them experienced for making good paintings."
After we all read the letter, I said with relief, "It looks
like our Renaissance 'schooling' is this emergency marathon."
"Actually, now that I think about it," Muralidhara
said, also happy, "Prabhupada once said that this very
Krsna consciousness movement is a 'major revolutionary renaissance.'"
We understood Prabhupada's words. He hadn't said we didn't require
improvement; rather we would improve through practice. Although
he acknowledged our lack of expertise, our feelings were not
at all hurt. Our understanding was reconfirmed, that the whole
purpose of fine arts in Vedic tradition was to enlighten people
about their eternal relationship with Krsna. As aspiring artists,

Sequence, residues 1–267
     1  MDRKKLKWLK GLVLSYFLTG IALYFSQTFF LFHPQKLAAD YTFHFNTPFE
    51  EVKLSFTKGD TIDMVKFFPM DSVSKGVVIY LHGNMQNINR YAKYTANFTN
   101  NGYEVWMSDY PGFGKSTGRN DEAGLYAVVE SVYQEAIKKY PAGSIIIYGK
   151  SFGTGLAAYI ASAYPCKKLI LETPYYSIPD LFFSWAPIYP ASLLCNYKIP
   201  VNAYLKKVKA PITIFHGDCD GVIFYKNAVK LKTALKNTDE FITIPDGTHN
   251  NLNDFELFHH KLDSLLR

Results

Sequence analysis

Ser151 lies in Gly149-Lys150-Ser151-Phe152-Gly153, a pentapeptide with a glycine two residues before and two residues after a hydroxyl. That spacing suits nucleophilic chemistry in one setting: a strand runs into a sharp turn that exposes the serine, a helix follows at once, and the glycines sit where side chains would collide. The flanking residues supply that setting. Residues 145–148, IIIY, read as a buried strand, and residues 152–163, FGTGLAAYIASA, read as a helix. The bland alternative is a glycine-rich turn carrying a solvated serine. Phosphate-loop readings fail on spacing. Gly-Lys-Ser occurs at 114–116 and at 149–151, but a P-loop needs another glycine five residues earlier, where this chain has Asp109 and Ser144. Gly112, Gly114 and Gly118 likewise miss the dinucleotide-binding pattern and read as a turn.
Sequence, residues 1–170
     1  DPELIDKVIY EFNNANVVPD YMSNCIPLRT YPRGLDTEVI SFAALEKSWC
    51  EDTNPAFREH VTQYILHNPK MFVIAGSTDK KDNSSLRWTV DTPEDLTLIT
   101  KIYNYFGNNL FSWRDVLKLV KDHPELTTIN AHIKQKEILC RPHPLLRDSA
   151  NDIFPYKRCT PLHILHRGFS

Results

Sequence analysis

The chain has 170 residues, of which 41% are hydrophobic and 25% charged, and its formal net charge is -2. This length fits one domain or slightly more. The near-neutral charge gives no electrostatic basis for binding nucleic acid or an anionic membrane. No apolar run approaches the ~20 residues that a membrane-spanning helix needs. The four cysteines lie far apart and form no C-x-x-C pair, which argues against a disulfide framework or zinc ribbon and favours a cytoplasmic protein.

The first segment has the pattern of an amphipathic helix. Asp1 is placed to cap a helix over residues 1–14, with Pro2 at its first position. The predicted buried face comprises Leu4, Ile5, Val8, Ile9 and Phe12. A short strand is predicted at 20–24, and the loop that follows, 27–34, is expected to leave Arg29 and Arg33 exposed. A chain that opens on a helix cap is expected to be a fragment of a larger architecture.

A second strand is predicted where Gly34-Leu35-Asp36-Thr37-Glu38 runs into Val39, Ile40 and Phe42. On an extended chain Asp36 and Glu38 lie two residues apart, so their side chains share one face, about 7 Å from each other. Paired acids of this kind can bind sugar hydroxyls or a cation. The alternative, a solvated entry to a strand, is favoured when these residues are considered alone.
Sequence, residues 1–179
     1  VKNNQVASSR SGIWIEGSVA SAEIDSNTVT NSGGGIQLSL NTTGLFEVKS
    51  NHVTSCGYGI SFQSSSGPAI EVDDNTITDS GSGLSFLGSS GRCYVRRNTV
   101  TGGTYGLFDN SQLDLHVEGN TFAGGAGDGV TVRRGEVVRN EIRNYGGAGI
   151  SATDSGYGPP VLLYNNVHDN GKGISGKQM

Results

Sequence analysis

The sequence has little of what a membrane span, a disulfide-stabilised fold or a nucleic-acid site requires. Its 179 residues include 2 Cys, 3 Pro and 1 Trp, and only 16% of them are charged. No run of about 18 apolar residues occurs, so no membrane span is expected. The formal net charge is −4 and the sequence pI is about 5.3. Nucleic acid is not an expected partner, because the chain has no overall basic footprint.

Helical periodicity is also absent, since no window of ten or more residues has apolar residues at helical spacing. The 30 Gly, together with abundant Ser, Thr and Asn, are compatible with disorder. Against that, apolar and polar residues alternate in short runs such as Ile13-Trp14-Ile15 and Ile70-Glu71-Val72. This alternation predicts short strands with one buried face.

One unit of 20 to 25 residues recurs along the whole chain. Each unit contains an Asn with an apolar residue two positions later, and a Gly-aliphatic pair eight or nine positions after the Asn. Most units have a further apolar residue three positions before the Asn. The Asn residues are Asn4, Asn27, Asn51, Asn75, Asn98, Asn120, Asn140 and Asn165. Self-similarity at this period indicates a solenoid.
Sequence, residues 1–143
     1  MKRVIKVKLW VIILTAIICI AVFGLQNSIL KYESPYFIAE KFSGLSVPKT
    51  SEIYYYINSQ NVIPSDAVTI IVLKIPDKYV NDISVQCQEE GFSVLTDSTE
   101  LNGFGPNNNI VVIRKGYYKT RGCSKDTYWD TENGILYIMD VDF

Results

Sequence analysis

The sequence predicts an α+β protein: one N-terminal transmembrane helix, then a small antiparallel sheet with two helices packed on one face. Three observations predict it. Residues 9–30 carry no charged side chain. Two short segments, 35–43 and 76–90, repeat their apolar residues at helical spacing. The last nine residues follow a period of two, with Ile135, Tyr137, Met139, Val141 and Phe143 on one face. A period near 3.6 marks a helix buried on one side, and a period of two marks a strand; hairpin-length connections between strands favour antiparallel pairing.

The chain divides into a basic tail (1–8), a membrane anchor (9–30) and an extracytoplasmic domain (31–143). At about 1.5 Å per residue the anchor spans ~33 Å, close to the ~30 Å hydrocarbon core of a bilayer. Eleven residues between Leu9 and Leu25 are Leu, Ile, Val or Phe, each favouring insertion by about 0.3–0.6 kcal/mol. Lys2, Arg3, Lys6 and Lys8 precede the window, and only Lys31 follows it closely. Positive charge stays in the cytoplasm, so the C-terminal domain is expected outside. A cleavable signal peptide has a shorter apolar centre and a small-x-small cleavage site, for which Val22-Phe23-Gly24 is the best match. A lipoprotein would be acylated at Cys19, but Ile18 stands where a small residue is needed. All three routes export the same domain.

and more importantly as aspiring Vaisnavas, if we were to fulfill
this mission, we needed a working knowledge of the scriptures
more than we needed the knowledge of chiaroscuro, the dark and
light interplay of Rembrandt and the like.
We were still very new in Krsna Consciousness, and we needed
to put our time into learning that. Our lives would have to
reflect the message we painted, and that would require self-control,
devotion, pridelessness and seeing Krsna in the details of life's
every moment – details that escape the notice of non-devotees
and neophyte devotees like ourselves. That would require training,
as much as the mechanics of art need the training of breaking
down scenes of nature into colors, shapes, contrasts, perspectives,
planes, and a thousand other details that escape the untrained
eye requires training.
We were excited that Srila Prabhupada was including us in his
own marathon for Sri Krsna, and that he was protecting us from